Stories

The IRE Resource Center is a major research library containing more than 27,000 investigative stories.

Most of our stories are not available for download but can be easily ordered by contacting the Resource Center directly at 573-882-3364 or [email protected] where a researcher can help you pinpoint what you need.

Search results for "seniors" ...

  • Unprotected: Broken promises in Georgia’s senior care industry

    The assisted living industry exploded in Georgia over the past decade as investors rushed to cash in on the graying of America. They built facilities with resort-like amenities and promised great care, for a price of thousands of dollars a month. But as this senior housing boom took hold, Georgia failed to provide adequate oversight, and the fancy chandeliers and expensive amenities hid the realities of an industry where for-profit owners are more focused on real estate deals than properly caring for vulnerable seniors.
  • Caregivers and Takers

    “Caregivers and Takers,” a multi-platform investigation by Reveal from The Center for Investigative Reporting, uncovered rampant exploitation of caregivers at senior board-and-care homes across the United States. Many are poor immigrants who earn about $2 an hour to work around the clock with no days off while operators rake in millions. Some owners charge workers "room and board" for sleeping on a couch or in a garage. Caregivers are routinely harassed and fired if they complain. Some feared for their lives. Prosecutors liken these workplace conditions to indentured servitude. Many of these caregivers are immigrants, and evidence indicates that some were trafficked.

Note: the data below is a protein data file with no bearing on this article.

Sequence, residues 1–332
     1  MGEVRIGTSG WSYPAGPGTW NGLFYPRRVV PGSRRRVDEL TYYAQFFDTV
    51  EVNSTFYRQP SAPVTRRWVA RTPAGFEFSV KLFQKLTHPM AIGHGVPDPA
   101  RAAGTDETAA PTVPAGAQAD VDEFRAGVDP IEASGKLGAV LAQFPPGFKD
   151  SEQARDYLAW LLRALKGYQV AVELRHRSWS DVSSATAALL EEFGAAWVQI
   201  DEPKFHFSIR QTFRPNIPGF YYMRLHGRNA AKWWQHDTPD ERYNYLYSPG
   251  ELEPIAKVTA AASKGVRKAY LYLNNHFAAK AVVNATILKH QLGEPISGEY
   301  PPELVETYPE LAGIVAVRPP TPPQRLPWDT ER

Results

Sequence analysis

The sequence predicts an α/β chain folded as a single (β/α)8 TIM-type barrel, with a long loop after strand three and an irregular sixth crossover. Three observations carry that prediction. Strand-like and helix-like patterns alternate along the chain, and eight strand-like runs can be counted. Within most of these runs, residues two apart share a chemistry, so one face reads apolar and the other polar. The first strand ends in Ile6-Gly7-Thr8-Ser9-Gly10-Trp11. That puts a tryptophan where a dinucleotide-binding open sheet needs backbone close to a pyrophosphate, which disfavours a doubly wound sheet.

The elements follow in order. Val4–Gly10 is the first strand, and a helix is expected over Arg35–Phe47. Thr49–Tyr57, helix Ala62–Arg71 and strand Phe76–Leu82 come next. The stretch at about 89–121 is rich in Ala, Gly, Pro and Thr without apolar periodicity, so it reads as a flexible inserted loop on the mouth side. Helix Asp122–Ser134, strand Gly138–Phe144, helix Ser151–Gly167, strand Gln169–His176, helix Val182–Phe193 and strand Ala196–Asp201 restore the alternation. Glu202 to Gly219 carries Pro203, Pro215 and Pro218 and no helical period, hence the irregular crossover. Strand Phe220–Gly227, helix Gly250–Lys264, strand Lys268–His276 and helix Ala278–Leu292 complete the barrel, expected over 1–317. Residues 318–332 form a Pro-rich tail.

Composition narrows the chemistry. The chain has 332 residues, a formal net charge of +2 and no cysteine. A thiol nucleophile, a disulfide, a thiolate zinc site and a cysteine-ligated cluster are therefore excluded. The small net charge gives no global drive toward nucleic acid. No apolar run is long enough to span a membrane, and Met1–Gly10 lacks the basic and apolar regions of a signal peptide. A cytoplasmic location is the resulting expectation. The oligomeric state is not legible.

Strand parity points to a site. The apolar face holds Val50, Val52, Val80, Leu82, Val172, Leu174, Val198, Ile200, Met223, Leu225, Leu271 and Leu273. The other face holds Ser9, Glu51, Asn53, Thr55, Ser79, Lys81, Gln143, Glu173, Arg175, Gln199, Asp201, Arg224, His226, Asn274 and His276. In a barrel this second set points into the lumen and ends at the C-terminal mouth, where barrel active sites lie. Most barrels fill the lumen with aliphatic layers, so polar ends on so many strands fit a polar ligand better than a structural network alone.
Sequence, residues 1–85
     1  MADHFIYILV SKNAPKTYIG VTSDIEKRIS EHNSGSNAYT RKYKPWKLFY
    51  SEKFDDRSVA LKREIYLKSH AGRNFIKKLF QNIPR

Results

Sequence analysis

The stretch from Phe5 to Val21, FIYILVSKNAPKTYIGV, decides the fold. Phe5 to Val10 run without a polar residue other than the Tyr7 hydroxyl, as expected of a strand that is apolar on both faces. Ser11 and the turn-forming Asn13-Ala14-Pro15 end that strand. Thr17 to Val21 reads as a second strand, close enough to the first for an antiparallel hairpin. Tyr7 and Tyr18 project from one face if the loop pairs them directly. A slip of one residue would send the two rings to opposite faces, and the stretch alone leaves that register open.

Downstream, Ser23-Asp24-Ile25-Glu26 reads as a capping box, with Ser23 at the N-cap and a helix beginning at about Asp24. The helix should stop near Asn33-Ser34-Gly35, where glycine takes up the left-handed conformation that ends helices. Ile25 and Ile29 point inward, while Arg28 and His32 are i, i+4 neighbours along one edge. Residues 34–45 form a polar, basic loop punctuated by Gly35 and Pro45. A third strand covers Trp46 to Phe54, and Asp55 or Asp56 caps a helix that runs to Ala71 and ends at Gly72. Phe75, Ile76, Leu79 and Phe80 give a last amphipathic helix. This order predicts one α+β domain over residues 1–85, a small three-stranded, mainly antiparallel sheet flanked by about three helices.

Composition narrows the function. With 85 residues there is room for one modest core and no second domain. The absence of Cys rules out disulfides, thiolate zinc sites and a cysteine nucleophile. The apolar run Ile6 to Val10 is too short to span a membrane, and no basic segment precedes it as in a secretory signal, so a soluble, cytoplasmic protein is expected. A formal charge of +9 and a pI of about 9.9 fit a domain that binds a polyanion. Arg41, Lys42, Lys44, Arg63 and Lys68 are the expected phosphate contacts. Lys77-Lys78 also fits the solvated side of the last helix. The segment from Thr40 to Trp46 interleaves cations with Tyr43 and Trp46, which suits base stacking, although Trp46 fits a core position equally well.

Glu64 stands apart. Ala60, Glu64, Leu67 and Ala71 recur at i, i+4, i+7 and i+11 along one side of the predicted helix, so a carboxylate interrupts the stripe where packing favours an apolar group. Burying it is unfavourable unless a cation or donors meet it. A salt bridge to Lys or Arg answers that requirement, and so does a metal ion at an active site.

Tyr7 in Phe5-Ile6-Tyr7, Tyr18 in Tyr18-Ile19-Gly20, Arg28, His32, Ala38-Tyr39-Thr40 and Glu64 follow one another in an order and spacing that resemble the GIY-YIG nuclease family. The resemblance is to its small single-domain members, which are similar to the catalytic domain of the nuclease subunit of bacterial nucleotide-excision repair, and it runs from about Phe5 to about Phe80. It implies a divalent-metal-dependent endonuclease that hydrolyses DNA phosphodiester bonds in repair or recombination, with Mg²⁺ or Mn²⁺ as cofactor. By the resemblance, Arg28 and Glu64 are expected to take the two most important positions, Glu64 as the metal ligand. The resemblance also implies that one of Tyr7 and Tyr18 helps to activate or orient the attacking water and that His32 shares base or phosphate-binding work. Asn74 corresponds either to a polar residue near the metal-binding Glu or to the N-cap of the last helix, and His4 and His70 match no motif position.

• Taking out a Reverse Mortgage Ruined My Life

    Dozens of senior citizens in New York City are caught in a rising tide of reverse- mortgage foreclosures that threaten to put some of the city’s most vulnerable residents out on the street. Because reverse-mortgage borrowers in foreclosure lack the protections — including mandatory settlement conferences and a 90-day notice requirement — instituted for traditional borrowers after the 2010 robo-signing scandal, these seniors are at risk of losing their homes far more quickly than forward-mortgage borrowers, who get an opportunity for negotiations overseen by the court. The debts at issue are relatively small, averaging just $10,000, but can trigger the loss of a home worth thirty times that amount or more.
  • Wandering